But sometimes there are clues, and with a bit of luck, we can give that face a name.
My aunt lives in Johannesburg, South Africa; my father (her brother) lives in the Los Angeles area; while I'm up in Seattle. I wanted family photos, which my aunt had. But she didn't know how to get them to me and none of us wanted to take our chances with 100-year-old photos and the international mail. My aunt is - how shall I say this? - not a computer person. My father arranged for someone in South Africa to scan the photos - page by page from the antique albums.
Since I knew that the photos were going to come to me digitally and were in many cases had no identifying marks on them, I requested that I receive scans of the full page from each scrapbook, in addition to the individual pictures. This would allow me to see what was grouped together and the relative sizes of the pictures. I also requested that for loose photos, no borders be cropped away; this would help me where there was a photo studio name or other detail that might identify two photos taken by the same camera.
When the pages came back, the photos we were most easily able to identify, obviously, were of people we knew. This photo, for example, is of Hanna Hakel:
My father was able to identify her easily, as she was his grandmother, and lived with him and his family when he was growing up. Hanna (Bot) Hakel was born in 1882 in Vekshny, Lithuania. On 16 March 1901, she married Isak-Faibusch Hakel, in Libau (Liepaja), Latvia. Isak-Faibusch was born 9 December 1872 in Riga, and died 15 September 1927, in Libau. He is buried in the Liepaja Jewish Cemetery.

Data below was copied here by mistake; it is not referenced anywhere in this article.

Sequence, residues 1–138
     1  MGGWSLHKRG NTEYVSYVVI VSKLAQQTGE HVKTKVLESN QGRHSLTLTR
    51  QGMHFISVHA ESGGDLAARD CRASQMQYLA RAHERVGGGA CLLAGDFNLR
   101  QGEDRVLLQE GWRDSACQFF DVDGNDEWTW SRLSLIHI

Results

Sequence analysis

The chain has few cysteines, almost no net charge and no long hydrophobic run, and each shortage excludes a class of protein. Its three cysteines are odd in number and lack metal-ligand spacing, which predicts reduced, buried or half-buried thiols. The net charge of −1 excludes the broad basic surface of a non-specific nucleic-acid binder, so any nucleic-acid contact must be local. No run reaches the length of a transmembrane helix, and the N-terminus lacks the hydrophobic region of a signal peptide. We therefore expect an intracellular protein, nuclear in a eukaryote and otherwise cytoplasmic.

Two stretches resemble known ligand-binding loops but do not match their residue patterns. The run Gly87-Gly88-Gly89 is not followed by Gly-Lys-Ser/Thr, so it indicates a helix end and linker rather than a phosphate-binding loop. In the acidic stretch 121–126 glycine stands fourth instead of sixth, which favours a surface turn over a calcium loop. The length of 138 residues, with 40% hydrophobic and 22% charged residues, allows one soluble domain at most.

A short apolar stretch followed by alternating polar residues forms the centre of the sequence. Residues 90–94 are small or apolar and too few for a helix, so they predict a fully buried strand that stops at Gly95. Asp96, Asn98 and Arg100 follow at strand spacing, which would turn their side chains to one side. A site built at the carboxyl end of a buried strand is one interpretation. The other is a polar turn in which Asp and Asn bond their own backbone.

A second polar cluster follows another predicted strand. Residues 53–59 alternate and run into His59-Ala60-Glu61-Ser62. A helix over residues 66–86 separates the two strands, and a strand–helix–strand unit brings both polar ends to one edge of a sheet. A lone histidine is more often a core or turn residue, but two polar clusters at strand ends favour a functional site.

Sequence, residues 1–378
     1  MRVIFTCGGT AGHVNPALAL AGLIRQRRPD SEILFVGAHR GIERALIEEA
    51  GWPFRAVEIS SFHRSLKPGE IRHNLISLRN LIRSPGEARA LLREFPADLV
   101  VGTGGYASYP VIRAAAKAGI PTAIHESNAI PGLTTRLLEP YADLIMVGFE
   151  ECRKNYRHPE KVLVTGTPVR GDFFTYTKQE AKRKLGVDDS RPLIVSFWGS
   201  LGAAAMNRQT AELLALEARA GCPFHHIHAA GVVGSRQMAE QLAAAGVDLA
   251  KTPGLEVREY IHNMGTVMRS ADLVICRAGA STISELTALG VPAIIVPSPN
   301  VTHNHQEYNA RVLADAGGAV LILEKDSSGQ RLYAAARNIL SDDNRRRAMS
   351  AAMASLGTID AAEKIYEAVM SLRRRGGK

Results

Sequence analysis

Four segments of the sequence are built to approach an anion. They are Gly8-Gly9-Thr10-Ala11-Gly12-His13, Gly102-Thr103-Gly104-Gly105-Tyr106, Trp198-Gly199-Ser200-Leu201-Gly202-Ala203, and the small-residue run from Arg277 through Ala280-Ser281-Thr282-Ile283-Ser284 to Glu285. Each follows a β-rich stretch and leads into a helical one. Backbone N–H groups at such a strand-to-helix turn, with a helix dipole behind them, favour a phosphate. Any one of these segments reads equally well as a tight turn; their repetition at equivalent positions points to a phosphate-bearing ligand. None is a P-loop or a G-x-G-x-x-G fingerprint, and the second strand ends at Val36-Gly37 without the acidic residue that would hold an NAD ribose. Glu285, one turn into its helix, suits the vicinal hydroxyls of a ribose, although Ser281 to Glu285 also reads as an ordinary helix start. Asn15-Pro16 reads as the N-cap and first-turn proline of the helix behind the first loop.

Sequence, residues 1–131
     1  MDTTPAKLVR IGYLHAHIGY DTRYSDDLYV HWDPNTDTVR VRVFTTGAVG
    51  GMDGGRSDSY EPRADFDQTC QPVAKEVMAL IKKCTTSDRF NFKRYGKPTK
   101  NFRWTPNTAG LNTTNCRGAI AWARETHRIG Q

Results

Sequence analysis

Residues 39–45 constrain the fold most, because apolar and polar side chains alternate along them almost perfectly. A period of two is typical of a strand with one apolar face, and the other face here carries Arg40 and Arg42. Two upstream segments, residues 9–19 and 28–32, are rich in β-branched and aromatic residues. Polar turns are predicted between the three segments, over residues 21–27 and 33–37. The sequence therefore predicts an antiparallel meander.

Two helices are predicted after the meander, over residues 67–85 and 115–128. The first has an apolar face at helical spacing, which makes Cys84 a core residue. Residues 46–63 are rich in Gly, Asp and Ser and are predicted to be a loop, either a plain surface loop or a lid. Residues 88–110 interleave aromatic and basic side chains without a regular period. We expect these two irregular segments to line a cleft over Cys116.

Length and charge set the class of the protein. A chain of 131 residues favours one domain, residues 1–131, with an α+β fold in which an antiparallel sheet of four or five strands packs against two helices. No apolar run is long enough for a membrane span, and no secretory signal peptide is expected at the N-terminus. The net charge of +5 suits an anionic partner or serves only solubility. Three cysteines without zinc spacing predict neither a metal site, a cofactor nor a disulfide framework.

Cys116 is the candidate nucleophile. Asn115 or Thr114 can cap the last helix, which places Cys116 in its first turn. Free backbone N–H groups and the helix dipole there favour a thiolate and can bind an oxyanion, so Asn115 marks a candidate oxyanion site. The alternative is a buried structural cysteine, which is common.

Here is the picture as it is in the album, on the page*
The photo of Hanna is at the top right, with another photo of her below it. Below that, though, is a photo of a man. It appears to be the same size, and mounted to a nearly identical mat.
Here is the individual scan of that photo:
Without seeing the two photos together in the album, and without seeing the surrounding mat, it would be hard to see the similarities between the two photos - but they are still there.
If you look behind the subject of each photo, the background has variations to it - a light-colored moon-shaped area to the right. It is identical in both photographs.
So, without having any writing on the photos such as names of people, places, or photo studio, we were still able to determine that these two photos were likely taken at the same photo studio, probably around the same time (given the similarity of the mat) - if not the same day.
It was a reasonable conclusion that the unnamed man was Hanna's husband, Isak-Faibusch Hakel.
I was able to ascertain with more certainty when I asked my aunt about the picture. Before I told her who I thought it was, I asked: "Do you have any idea who this man is?"
She replied, "I know he is one of my grandfathers, but I don't know his name. I never met either of them and don't know their names."
Once I told her his name, she remembered another detail: Isak-Faibusch Hakel, her grandfather in the photo, died of tuberculosis.
*of the magnetic-page album whose glue is eating this photo to death as I write this. Ugh - it hurts.